Individuals should be in charge of their health insurance and care needs. Our focus remains on consumer-driven health insurance plans that ensure Washingtonians have options that fit their needs. Increasing the role of government in the patient-doctor relationship is not the direction we believe is best for patients and their doctors.
- Flexibility for consumers to design their own health care plans with a minimum of state mandated coverages;
- Allow for Association Health Plans to allow small employers to pool with other employers around the nation to increase purchasing power and lower premium costs for their employees;
- Allow consumers to purchase health insurance across state lines;
- Protect our Critical Access Hospitals to ensure prompt emergency care in the rural parts of our state;
- Ensure doctors and patients, not government, make decisions that offer the best care; and
- Reign in frivolous lawsuits so doctors do not have to perform “defensive medicine” that leads to higher costs that are passed along to patients through higher premiums.
National Health Care Reform and Washington’s State Health Insurance Exchange:
As this state and nation moves away from the private health insurance marketplace toward a government-centric health insurance model mandated through National Health Care Reform, we fear Washingtonians may be unable to find a doctor to care for them. The reasons are many:
- Health insurance does not, on its own, guarantee health care for patients;
- Lower reimbursement rates to doctors has already lead to fewer physicians accepting Medicare (government-subsidized) patients;
- A one-size-fits-all approach to health insurance plans;
- More patients on the Medicare rolls with fewer doctors accepting those subsidized patients;
- A shortage of doctors in the state and nation; and
- Confusion about what treatments will be approved or denied under the new national and state health insurance plans.
If done correctly, an Exchange could benefit individuals and employers by being an insurance market “organizer” and providing individuals with more health insurance choices and the ability to take their health insurance with them should they change jobs. However, an Exchange can also be designed as another “regulator” of health insurance which will limit health insurance choices and increase the costs of health insurance.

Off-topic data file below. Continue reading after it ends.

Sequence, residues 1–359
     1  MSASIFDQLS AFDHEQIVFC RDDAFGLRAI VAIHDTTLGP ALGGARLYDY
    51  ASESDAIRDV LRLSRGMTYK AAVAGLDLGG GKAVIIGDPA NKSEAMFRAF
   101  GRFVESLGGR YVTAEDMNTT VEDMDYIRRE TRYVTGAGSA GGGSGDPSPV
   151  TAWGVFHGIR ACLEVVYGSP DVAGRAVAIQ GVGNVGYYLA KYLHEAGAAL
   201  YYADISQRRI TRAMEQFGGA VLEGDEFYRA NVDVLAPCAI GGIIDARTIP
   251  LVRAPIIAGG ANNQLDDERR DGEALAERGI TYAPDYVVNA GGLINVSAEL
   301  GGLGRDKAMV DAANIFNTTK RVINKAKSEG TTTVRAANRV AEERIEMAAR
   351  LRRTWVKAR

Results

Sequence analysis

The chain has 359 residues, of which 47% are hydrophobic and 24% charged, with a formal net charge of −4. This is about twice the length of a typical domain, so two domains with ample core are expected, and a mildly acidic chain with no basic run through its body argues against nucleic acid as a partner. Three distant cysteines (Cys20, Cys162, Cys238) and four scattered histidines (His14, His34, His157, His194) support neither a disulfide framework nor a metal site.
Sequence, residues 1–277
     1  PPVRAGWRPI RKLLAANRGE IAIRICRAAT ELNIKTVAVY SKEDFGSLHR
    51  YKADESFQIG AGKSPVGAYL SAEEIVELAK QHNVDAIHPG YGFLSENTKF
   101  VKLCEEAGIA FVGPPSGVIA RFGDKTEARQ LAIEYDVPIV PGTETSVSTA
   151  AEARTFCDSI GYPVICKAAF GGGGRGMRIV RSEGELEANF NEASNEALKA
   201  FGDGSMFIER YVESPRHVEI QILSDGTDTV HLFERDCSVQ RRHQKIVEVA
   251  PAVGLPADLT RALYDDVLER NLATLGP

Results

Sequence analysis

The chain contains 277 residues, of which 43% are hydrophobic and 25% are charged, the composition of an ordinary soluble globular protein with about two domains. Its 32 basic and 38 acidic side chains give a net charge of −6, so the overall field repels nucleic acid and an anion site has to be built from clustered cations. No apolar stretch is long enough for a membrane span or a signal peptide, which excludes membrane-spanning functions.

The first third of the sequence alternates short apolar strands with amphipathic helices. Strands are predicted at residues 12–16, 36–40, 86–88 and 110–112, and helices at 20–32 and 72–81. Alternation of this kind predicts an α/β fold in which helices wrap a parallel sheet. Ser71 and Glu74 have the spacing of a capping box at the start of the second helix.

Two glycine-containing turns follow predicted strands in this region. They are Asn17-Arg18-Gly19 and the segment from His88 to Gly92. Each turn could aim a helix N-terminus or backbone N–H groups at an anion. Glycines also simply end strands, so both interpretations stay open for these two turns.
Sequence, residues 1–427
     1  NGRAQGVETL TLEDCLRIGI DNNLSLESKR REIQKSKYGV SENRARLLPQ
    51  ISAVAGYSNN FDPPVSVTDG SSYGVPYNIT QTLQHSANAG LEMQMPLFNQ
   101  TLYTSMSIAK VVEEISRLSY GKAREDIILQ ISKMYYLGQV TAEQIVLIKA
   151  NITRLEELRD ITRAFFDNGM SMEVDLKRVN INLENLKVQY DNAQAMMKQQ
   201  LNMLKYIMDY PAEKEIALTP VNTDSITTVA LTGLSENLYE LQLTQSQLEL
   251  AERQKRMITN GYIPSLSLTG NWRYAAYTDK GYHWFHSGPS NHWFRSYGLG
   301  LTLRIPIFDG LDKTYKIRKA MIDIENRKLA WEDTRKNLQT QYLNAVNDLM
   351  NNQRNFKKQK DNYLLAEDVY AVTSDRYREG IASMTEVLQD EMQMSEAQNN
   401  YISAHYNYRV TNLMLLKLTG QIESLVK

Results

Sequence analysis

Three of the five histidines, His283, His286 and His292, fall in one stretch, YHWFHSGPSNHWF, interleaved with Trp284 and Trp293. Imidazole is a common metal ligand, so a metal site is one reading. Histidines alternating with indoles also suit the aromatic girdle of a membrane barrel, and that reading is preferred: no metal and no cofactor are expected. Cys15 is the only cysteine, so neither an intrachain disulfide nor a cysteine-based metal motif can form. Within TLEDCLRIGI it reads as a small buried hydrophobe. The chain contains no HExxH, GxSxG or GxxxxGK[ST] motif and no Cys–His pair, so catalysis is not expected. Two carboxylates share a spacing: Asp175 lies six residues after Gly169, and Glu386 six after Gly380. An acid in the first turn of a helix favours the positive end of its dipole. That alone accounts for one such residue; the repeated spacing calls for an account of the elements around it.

Now that Washington is committed to the State Health Insurance Exchange, our focus must be to give consumers affordable options, ensure lower insurance premiums and create a system that is accessible and efficient.
Facts about the state and federal health insurance and care changes:
- Washington state is one of the first states to authorize a Health Insurance Exchange (Exchange) under Federal Health Care Reform through passage of Senate Bill 5445 and House Bill 2319.
- Currently, only 14 states have decided to establish a state-based Exchange and two additional states, Massachusetts and Utah, created one prior to Federal Health Care Reform.
- Federal Health Care Reform will provide subsidies to purchase health insurance through the Exchange to families earning less than 400 percent of the federal poverty level (FPL), or $44,680 for a single individual and $92,200 for a family of 4, and those who are ineligible for Medicaid.
- Individuals earning more than 400 percent FPL and small businesses will have the option of purchasing health insurance through the Exchange.
- States may establish and operate their own state-based Exchange or, if a state chooses not to establish an Exchange, the federal government will operate one either directly or through an agreement with a non-profit entity.
- Office of the Insurance Commissioner (OIC) will now have more regulatory authority over health insurance offered both inside and outside the exchange by requiring rules related to any additional benefits. The first OIC draft rules were 22 pages, and the OIC publicly stated there will be “premium shock” in 2014, especially in the individual, non-group market.
- Exchange staff estimates it will cost approximately $50 million per year to operate the Exchange beginning in 2015. This translates to an additional cost of $11-$22 per month for health plans purchased through the Exchange.
Follow legislative action affecting health care: